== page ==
Figure 2 illustrates the distribution of mouse and rat strains employed. Of the mouse models employed, the majority (17/23) are immunodeficient strains, including nude Bagg Albino (BALB/c-nu, 5/23), Naval Medical Research Institute (NMRI-nu) (4/23), severe combined immunodeficiency (SCID, 3/22), and KSN (1/22). The exact strains of an athymic (2/23) and athymic nude (2/23) mouse model were not identified in four studies. The remaining mouse studies employed BALB/c (3/23) and C57BL/6 (3/23) mice. There are literally thousands of mouse strains available for research; The Jackson Laboratory alone possesses over 3100 mouse strains.5 No specific rationale is provided by investigators as to the strain selected. However, review of investigators' past publications suggests that a laboratory's historical use of a particular strain dictates future selection of a particular strain. Immunodeficient strains are selected if xenogeneic or transgenic cells are to be transplanted into host mice.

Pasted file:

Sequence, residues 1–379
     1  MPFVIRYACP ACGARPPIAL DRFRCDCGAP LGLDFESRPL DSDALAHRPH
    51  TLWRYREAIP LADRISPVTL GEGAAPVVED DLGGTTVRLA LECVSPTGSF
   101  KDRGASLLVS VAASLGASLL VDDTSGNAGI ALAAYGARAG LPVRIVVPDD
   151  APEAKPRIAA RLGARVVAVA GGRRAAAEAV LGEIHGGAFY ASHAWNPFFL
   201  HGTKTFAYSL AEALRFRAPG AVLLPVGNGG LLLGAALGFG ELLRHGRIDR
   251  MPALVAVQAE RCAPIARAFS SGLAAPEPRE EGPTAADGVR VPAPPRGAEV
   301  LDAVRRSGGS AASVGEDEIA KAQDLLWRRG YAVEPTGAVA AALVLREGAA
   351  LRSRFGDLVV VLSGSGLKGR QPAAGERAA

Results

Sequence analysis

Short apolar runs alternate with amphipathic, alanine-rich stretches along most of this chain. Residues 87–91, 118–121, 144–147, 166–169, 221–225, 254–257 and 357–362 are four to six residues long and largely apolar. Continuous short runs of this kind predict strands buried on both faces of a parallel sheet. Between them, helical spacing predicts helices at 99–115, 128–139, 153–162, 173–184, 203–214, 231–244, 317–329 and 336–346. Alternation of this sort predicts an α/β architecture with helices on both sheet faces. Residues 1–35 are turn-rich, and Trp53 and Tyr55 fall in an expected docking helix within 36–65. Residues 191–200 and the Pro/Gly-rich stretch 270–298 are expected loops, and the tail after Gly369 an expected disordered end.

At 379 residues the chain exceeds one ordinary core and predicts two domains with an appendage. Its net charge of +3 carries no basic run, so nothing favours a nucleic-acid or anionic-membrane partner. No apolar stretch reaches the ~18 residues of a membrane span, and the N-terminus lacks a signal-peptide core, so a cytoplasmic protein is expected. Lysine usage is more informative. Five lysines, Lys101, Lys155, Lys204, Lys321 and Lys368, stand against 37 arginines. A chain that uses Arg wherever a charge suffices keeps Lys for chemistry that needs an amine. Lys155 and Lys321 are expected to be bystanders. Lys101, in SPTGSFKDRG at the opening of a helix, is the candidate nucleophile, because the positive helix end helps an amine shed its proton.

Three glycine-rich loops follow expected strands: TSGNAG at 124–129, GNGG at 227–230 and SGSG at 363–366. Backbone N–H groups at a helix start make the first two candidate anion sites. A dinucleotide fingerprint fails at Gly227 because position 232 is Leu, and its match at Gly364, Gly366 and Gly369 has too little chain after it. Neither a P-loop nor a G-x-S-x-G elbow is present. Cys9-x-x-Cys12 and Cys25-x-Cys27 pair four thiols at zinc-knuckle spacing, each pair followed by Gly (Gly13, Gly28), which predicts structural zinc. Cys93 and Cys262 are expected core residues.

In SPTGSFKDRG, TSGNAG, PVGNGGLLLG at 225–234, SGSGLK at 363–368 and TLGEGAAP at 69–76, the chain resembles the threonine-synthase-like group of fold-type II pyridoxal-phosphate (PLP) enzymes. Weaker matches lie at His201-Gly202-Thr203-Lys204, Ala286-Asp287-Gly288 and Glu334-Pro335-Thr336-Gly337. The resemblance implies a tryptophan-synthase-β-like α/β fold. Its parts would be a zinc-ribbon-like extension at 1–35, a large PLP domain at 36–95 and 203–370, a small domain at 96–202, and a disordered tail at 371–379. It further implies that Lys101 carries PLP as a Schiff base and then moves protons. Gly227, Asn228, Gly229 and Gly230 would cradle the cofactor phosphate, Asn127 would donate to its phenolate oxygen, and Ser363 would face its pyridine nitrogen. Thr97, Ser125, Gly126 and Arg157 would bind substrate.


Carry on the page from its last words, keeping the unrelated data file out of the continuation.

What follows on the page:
FIG. 2.
Distribution of mouse (A) and rat (B) strains employed.

Of the rat models employed, an equal number of studies employed either Sprague-Dawley (SD, 4/15) or Wistar (WIS, 4/15) strains. The Lewis (LEW) strain was employed to a slightly higher extent (5/15). In the remaining two studies, one used an immunodeficient strain (Ratnude, RNU) and the other study did not identify a strain.